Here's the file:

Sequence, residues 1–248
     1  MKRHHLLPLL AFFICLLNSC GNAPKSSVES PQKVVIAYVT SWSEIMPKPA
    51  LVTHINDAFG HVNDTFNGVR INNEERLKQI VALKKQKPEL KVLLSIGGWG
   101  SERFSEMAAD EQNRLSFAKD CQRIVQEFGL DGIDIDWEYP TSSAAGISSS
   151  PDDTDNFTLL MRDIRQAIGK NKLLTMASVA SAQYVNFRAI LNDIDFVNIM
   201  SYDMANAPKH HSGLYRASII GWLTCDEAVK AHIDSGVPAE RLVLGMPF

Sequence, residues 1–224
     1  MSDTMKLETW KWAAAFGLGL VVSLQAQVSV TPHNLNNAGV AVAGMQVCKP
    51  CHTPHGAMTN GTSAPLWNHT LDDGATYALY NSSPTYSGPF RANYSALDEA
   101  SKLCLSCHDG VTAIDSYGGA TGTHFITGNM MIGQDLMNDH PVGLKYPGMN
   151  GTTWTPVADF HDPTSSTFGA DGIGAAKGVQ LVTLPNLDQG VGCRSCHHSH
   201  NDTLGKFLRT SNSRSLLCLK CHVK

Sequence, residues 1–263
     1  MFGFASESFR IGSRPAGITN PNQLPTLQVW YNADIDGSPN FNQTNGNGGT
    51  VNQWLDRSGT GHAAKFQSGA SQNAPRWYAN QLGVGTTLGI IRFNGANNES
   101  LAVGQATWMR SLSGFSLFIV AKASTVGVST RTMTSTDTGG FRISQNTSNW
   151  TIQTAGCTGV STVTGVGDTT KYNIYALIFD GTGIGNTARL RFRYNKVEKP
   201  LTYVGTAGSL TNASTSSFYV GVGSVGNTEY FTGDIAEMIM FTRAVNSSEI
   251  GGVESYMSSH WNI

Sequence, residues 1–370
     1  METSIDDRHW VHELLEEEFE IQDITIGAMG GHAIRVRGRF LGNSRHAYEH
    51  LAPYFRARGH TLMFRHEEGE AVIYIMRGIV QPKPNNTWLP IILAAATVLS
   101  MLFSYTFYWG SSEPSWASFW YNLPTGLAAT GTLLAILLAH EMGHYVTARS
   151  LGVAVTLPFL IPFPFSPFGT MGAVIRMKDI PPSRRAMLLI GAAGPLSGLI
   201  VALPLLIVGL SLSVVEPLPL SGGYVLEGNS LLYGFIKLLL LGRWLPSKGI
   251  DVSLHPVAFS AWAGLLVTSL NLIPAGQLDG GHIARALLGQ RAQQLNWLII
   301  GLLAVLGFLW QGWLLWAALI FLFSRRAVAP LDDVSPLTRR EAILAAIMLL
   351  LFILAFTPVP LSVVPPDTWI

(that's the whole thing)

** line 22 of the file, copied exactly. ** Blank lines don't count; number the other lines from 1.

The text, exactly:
    51  LAPYFRARGH TLMFRHEEGE AVIYIMRGIV QPKPNNTWLP IILAAATVLS